There is much chatter about Fernando’s mindset these days. One of his teammates said last week that the 6-foot-10, 245-pound Fernando has been "talking a lot about agents.” Sources said he met with Turgeon last week, and the two are expected to meet again this week.

Turgeon will tell Fernando that he can declare for the NBA draft and go to the league’s scouting combine in Chicago in May and private workouts by teams without an agent, as guard Melo Trimble did as a sophomore and as Huerter and possibly Cowan could wind up doing themselves. The early-entry deadline is April 22, and college players without an agent have until 10 days after the combine (May 16–20) to withdraw from the pool. Those with an agent cannot play collegiately again.

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Though listed on Sports Illustrated’s “Big Board” as a late first-round pick (at No. 25) this year, Fernando is considered by most a surefire lottery pick in 2019, as high as the No. 2 player overall behind incoming Duke freshman R.J Barrett in one of them.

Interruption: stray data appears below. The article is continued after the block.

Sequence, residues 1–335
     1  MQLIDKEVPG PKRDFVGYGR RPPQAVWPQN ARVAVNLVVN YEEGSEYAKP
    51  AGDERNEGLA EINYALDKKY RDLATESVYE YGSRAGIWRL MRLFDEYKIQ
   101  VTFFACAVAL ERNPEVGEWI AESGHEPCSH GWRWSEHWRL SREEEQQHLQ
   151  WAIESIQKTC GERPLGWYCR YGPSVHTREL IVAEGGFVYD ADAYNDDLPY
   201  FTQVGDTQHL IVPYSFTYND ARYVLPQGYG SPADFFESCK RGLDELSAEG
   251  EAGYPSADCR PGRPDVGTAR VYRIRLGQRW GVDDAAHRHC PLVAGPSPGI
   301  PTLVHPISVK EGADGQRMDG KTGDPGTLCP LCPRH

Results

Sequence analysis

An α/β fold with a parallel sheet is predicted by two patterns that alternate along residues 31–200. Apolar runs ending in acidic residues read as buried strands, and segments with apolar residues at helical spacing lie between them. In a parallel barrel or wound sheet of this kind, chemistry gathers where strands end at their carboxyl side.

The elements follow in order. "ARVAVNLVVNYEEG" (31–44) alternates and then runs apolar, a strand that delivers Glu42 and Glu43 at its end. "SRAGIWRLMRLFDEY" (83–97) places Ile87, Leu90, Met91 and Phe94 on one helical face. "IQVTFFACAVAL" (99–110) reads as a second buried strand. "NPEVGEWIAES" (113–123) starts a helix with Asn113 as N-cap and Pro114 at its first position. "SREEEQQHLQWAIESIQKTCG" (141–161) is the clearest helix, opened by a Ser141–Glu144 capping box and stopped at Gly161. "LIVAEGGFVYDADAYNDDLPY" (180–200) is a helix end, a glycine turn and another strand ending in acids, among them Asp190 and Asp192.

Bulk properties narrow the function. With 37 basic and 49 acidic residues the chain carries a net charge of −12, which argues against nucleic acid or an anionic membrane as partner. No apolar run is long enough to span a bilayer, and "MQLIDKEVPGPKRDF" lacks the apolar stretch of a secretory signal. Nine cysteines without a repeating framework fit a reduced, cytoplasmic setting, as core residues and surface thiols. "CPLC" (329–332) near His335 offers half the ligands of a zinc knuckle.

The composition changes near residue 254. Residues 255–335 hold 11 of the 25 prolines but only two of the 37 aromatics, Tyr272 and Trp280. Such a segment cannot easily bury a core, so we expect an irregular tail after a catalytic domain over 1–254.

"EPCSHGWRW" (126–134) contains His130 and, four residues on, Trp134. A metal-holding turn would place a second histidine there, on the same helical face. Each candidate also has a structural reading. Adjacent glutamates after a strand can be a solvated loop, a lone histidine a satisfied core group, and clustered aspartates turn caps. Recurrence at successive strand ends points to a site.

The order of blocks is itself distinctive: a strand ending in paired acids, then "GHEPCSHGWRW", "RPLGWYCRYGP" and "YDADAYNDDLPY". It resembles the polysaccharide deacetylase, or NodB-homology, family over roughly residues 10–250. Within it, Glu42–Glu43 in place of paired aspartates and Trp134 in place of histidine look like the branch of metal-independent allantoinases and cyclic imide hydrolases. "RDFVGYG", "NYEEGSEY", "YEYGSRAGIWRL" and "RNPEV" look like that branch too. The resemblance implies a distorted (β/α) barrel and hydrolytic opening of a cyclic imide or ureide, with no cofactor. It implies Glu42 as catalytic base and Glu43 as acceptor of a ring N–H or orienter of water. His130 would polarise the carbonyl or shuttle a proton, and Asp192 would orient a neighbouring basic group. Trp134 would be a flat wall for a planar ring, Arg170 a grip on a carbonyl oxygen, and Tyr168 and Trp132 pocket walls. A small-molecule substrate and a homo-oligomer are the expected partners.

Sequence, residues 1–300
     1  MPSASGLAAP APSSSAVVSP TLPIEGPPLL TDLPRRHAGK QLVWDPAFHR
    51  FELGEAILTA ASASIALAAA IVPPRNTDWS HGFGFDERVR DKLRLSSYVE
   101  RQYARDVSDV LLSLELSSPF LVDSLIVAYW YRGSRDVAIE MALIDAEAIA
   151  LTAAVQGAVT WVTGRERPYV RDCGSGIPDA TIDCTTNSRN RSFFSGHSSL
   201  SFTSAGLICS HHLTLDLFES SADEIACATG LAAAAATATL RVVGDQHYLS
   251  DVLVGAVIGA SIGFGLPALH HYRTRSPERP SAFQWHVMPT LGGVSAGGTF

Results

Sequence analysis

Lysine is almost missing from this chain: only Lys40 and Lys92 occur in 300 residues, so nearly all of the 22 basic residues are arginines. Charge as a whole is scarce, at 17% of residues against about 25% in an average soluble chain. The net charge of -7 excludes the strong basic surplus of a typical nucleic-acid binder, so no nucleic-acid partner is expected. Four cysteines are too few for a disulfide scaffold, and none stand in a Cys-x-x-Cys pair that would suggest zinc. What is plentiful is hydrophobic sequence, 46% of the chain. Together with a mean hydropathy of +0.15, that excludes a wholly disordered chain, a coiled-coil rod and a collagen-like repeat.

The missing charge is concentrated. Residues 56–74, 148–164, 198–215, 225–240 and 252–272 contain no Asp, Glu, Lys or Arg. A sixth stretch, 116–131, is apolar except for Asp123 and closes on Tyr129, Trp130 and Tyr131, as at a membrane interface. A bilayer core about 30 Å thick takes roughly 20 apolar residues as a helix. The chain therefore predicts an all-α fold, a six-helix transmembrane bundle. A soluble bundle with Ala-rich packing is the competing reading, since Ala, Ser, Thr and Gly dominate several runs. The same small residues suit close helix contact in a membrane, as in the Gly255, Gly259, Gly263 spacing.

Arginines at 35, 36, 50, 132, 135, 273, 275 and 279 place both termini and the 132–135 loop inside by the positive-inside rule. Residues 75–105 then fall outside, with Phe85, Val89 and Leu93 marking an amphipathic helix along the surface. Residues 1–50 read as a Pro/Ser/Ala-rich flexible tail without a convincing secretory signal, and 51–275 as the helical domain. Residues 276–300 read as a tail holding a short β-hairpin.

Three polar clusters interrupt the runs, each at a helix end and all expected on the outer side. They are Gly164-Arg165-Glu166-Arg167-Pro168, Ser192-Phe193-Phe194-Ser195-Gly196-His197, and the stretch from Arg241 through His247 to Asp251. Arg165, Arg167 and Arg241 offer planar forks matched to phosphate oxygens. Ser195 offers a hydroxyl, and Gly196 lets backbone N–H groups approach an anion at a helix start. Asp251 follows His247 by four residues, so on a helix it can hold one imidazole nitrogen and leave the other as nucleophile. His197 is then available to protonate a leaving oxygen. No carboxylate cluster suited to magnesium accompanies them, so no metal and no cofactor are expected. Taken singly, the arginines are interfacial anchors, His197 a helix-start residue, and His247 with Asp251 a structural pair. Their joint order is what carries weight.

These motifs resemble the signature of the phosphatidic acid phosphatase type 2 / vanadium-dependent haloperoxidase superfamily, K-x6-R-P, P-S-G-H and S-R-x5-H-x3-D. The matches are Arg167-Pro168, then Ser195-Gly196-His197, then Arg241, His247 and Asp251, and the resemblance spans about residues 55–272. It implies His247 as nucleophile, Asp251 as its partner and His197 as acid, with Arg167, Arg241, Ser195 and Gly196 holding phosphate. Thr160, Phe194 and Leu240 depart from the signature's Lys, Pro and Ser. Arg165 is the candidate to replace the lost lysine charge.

Former Maryland coach Lefty Driesell was one of the 13 new members introduced Saturday to the Naismith Memorial Basketball Hall of Fame for the Class of 2018.

Jackson’s decision to turn pro after missing more than half his sophomore year because of a torn labrum doesn’t make sense, unless you subscribe to the theory that his stock had already fallen precipitously amid his early-season shooting woes and could go down even more as a junior.

In truth, Jackson’s stock had dropped significantly despite a seemingly solid performance at last year’s combine. It wasn’t as much what the 6-7, 225-pound Canadian had done in the scrimmages as it was his lack of athleticism (including a 26-inch standing jump) and basketball IQ.